Once a variety has passed the will-it-grow-here and the dinner-table tests, it’s time to send it to the Texas A&M University Vegetable and Fruit Improvement Center (VFIC). The Center, currently under the leadership of Dr. Bhimu Patil, aims to improve the produce industry and its crops.
VFIC will test the variety’s nutritional value, down to micronutrients.
“Bhimu’s particular specialty is looking at the health-promoting compounds that are in different fruits and vegetables,” Erickson says.
J&D Produce then uses what they learn to not just help promote and market their crops, but also to educate customers and consumers on how they will improve their lives.
How J&D Connects with Consumers
We’d all like to think flavor speaks for itself. In reality, it takes some marketing and strategy to make sure consumers know about it. There are two key ways J&D Produce helps get the message of flavorful fruits and vegetables across to families at home.
The first is by sharing who they are and what matters to them with retail and wholesale customers. The sales teams talk about the farming and packing operations, explaining how they operate. Then they prove how their methods work by letting grocery stores and others taste the difference in flavor. Those customers can then use the same information in their own marketing.
As for the second marketing method, J&D Produce hired a locally popular, certified dietician blogger, Stacey Mattinson. Mattinson, who’s also a home chef and a young mother, consults with the J&D Produce team, then develops recipes and digital content, spreading the word about the grower.
Recently, Mattinson created an especially useful marketing tool, the Retail Dietician Guides. They profile specific vegetables and fruit, like the HoneySweet onion and the BetaSweet carrot. J&D customers can share the Retail Dietician Guides with their own customers on how to cook the onions or carrots, and spelling out their health benefits.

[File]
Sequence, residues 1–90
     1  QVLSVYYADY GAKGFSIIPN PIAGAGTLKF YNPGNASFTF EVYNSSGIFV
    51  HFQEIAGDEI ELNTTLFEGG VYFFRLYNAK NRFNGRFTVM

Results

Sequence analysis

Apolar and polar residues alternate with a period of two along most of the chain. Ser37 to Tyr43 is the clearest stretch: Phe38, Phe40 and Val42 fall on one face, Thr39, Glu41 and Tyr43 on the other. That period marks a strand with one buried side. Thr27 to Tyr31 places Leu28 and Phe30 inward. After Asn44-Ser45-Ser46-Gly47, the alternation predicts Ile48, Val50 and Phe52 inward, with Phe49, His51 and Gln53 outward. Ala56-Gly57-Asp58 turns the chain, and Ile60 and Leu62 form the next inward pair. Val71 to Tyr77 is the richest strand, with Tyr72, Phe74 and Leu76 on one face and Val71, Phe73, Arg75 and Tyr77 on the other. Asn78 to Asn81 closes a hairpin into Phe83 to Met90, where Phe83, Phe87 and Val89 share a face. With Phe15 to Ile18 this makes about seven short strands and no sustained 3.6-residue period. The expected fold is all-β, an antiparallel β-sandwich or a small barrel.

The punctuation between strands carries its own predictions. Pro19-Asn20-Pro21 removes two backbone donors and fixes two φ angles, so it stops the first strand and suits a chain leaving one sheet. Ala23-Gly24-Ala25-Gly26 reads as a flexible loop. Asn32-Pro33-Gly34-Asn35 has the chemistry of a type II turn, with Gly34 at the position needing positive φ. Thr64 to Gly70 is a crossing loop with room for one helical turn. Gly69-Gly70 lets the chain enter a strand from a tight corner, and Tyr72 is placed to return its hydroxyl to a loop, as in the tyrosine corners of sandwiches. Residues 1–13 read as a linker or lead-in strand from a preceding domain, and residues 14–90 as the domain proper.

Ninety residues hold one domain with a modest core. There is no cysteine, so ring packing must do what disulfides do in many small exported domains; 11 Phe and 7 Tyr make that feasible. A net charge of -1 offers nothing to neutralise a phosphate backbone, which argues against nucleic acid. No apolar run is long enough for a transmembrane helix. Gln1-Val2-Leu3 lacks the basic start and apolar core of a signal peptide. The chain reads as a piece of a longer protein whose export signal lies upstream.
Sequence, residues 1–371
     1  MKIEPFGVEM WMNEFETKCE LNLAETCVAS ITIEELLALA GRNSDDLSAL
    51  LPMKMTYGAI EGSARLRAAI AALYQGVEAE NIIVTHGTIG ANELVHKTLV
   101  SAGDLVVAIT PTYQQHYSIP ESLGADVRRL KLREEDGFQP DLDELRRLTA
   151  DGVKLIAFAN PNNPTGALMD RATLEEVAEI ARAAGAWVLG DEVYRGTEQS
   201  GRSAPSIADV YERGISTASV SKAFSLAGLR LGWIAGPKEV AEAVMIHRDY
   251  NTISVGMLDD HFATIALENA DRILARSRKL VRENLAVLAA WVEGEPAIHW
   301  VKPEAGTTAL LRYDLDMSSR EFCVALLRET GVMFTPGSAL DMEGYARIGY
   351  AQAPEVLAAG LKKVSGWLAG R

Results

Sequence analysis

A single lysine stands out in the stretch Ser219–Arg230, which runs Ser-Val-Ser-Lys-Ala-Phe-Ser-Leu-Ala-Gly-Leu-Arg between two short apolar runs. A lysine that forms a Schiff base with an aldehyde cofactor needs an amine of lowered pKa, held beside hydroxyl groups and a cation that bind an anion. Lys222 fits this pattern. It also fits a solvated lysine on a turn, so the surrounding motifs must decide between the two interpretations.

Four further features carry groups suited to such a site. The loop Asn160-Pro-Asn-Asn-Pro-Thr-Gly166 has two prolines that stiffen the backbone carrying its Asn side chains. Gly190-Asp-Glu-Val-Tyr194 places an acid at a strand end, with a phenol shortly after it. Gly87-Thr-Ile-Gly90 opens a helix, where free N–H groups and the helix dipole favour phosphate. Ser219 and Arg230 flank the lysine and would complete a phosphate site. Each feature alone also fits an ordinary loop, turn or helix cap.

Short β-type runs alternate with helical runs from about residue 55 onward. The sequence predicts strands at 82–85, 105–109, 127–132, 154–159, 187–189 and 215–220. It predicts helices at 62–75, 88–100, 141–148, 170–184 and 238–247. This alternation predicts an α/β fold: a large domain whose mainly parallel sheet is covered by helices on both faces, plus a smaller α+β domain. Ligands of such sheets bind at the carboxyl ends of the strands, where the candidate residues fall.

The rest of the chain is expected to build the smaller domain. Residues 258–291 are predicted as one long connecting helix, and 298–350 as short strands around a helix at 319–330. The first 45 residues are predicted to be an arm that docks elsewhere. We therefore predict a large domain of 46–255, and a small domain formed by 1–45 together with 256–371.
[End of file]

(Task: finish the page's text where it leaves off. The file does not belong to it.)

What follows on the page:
What It Takes to Transform a Trade Show
Not that long ago, the Texas International Produce Association held a typical regional produce trade show. Held in the off-season (the summer months, in this case), the show was very local, catering to Texas growers and allied industries.
“To me, it was like a social event,” Jimmy says. “It was not a venue where we could really set up a booth and try to sell to customers because there was not a significant buyer presence.”
As a longtime board member, Jimmy pressed to transform the show into a better marketing tool for produce and a platform to showcase how fresh produce impacts health and wellness.
“Why don’t we have it during our season? Why don’t we have it so we can show our wares?” he says he asked the board.
Eventually, new leadership came in and invited Jimmy to help shake things up.
“One of the things that I was passionate about doing was creating a produce show that could make a difference for the growers here in South Texas and some of the importers from Mexico,” Jimmy says.
Today, the new version of the show, VIVA Fresh Produce Expo, does exactly that.
Now held at the end of the season in March or April — when growers’ crops can be on stage — VIVA Fresh attracts buyers from all over the U.S. and Canada. That includes heavy hitters like HEB, Walmart, Publix, Wegmans, Loblaws, Kroger, and many others.
VIVA Fresh’s organizers hold the show at resorts that are far enough away from major attractions to not lose attendees. Yet the locations have enough to offer to keep buyers sticking around.